4 thoughts on “Roleplaying in the world of … Warcraft?!”

  1. The following is just my personal stance on the matter, and I offer it merely to present another side of things, not to tell you that you are "wrong". In the interest of fairness I must state that I do not care for MMOs. My opinion of them is almost entirely negative and that probably colors my thought process, but I will try to state my case as clearly as I can.

    I disagree with a few of your points. MMOs are designed the way they are for a reason. Those design concepts are not necessarily good for tabletop RPGs. Nor do MMOs have a special quality about them just because there are examples of them being successful in the development of worlds and stories. They have as much validity as a source as other media, but not a special place or quality.

    To begin with, the argument that MMOs were inspired by tabletop RPGs, and therefore taking ideas from them can't help but be a good thing, does not hold water with me because it does not include the realization that MMOs took ideas from tabletop games and then filtered those ideas to make them fit a different mold, to meet the demands of computer gaming. Taking those already-filtered concepts — especially presentation such as strongly defined combat roles, theme-named monster variants ("goblin bubblegum-chewer", "orc hall-sweeper", etc. as opposed to "goblin" and "orc"), power cooldowns of various lengths, spammable at-will powers that make simple attacks undesirable — from MMOs and tactical combat CRPGs without first thinking about how to adapt them back to the tabletop environment doesn't sit well with me. D&D 4e does not refilter these concepts, and comes out looking exactly like what it's been criticized as — a tabletop MMO, though with strong elements of TCRPGs as well. I don't think it's silly at all to state that; the elements are right there in the design of D&D 4e and can be pointed at. If I want this kind of game, I will not go to the tabletop for it. I'll go to the PC or the game console.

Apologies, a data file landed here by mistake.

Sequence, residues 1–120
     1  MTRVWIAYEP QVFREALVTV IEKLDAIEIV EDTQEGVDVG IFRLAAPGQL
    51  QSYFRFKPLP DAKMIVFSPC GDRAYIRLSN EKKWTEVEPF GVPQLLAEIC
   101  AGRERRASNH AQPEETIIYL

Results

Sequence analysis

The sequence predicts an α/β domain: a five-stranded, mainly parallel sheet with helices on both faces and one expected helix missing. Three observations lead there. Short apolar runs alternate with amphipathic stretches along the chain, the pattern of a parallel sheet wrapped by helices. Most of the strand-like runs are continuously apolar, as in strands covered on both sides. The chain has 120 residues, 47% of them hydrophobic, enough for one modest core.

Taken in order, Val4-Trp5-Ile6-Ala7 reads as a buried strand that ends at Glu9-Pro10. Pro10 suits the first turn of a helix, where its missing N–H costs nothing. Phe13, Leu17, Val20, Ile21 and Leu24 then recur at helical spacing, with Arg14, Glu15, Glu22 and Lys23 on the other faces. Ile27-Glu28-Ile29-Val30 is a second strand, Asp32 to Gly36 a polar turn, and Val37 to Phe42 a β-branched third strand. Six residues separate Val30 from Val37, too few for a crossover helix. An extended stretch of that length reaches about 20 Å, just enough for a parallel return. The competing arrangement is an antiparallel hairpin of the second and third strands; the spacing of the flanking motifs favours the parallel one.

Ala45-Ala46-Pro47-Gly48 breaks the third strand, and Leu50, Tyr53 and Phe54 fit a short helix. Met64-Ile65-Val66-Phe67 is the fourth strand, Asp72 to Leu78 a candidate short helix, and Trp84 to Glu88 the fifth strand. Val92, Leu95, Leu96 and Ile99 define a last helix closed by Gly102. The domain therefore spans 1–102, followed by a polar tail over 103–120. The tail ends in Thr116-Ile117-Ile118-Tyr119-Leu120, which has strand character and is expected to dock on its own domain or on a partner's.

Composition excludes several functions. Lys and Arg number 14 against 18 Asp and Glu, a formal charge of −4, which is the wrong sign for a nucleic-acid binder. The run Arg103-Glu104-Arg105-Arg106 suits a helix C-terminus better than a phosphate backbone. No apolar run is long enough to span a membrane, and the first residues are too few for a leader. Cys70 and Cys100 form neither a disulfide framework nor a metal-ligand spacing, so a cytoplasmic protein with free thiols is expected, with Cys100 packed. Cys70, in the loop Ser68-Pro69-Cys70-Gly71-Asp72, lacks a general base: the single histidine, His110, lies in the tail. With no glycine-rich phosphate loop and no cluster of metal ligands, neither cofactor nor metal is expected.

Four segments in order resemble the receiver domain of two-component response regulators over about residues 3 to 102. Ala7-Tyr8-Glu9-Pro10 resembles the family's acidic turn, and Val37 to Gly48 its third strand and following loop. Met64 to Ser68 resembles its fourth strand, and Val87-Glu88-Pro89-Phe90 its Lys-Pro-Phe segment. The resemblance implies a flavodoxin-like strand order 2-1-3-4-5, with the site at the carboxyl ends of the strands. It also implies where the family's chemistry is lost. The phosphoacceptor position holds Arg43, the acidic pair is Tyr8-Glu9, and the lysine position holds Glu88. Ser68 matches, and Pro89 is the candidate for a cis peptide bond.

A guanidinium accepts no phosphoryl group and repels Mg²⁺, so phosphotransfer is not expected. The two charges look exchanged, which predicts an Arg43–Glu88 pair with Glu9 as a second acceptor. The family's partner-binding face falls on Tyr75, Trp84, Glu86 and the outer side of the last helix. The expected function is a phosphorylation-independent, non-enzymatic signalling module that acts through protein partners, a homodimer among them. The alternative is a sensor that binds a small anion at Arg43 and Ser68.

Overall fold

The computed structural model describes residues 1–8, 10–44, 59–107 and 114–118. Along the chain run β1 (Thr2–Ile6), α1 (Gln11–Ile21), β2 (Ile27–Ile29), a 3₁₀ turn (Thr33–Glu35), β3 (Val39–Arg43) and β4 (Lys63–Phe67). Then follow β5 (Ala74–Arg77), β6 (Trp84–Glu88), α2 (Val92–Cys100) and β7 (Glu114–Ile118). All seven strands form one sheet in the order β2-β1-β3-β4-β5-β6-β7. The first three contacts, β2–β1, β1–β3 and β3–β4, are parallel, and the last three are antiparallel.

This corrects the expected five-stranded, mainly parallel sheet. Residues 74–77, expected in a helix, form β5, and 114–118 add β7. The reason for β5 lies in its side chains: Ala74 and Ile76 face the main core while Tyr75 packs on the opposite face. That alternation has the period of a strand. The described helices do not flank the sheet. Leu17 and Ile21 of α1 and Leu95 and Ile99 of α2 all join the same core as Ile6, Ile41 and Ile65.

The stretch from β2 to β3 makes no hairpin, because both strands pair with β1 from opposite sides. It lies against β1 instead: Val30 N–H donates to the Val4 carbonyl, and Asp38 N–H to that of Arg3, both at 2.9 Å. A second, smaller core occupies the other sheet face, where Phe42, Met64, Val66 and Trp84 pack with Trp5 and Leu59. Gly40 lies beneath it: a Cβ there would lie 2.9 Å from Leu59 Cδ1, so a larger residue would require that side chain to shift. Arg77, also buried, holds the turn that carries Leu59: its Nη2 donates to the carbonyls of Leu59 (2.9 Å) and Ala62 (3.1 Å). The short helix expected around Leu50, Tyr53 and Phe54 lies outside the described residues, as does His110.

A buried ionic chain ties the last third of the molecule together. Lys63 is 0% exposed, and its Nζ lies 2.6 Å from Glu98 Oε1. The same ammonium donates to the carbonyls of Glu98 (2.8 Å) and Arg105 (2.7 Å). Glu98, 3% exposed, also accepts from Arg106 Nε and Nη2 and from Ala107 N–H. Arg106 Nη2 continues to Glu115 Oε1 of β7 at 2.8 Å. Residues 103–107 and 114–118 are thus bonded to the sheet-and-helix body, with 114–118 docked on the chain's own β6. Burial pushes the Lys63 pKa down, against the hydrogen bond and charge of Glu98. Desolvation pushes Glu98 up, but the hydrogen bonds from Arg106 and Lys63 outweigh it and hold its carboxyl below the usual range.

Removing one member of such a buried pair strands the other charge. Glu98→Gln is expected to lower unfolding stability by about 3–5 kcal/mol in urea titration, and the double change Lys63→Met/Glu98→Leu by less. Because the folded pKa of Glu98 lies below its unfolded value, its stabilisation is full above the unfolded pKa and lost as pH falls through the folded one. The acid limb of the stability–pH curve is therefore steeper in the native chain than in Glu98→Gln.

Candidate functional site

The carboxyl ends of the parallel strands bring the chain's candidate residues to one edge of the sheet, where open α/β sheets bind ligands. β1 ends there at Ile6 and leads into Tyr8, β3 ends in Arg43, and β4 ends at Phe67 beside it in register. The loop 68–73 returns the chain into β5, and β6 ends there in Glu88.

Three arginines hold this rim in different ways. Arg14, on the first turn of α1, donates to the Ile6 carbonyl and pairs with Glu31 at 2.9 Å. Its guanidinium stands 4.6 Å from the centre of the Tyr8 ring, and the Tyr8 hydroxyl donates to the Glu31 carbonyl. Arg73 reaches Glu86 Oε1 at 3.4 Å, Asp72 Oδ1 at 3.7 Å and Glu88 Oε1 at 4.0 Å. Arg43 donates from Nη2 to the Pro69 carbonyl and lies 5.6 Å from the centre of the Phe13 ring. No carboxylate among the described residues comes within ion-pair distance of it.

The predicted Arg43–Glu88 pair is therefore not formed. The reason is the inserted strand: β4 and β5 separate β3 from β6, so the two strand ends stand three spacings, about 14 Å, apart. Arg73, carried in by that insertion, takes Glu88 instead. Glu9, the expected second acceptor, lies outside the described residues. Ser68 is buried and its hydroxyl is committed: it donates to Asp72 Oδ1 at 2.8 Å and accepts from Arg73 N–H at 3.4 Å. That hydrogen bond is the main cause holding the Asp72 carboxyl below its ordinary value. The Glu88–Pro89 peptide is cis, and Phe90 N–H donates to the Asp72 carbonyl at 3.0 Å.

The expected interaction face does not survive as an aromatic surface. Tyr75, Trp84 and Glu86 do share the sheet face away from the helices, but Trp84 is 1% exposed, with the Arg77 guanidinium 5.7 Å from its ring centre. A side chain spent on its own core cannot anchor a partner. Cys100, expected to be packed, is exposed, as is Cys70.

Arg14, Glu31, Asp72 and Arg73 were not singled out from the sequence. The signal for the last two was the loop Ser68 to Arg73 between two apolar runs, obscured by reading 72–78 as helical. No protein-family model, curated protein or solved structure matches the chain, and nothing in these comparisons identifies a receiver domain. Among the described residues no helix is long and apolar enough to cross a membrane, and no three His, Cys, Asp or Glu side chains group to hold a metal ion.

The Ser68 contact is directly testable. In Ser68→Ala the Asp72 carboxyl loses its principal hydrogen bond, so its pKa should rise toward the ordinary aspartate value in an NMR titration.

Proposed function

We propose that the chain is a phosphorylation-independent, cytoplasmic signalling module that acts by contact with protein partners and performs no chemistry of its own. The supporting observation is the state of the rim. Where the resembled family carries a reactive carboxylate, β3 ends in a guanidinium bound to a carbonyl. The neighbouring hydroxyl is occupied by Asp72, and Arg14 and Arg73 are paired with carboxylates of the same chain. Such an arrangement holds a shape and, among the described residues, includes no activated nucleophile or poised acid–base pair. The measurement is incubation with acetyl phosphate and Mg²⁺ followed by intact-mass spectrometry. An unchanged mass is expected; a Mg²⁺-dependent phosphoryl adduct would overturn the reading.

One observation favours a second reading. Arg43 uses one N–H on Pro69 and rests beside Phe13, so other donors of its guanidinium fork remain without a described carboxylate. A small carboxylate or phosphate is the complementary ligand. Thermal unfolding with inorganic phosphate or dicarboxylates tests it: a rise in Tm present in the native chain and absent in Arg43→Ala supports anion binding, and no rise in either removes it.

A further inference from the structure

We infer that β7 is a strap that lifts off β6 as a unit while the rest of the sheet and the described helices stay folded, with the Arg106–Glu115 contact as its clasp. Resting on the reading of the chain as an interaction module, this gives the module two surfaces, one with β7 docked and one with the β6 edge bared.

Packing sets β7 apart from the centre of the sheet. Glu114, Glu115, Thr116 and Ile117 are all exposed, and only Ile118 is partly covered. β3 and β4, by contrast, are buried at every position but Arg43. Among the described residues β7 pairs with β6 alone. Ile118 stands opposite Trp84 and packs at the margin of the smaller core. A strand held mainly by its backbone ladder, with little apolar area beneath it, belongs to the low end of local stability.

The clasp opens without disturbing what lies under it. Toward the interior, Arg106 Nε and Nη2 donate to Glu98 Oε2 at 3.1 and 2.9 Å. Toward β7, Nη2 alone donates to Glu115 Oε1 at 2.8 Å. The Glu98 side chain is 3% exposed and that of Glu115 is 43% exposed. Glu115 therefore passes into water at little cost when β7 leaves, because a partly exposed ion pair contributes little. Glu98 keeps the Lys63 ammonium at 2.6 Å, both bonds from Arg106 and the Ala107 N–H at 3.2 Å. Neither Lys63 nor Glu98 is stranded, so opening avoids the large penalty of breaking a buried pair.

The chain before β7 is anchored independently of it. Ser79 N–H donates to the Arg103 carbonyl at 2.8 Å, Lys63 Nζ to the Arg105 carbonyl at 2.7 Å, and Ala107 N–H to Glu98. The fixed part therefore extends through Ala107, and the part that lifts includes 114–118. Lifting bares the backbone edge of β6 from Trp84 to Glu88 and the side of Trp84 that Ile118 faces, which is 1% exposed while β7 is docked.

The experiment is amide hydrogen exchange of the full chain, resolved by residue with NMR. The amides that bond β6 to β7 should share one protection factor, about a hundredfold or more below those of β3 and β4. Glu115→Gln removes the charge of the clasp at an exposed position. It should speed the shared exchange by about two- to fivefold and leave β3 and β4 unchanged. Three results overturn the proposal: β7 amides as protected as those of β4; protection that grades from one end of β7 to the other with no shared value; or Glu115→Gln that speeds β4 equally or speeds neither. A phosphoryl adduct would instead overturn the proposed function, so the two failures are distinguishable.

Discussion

Anything non-mechanical that can be drawn from MMOs as inspiration can be found in a number of other sources. Naturally, individual MMOs may have story elements that are worth considering or even lifting outright, and the eye toward expansion is a useful tool for anyone designing a world, but to claim any special value of MMOs as a category because of these elements is specious to me at best. Campaign settings were often presented with opportunities for expansion well before MMOs ever appeared. Films, books and television were a ready source of setting elements. There's nothing special about MMOs in this regard. That isn't to say that no MMO has any worthwhile ideas; quite to the contrary, in fact. But they aren't doing anything special, especially to the point that tabletop games should all immediately stand up and take notice. What those successful storylines and ideas are is simply doing things the right way, a way that's been a good idea all along. It isn't an MMO thing.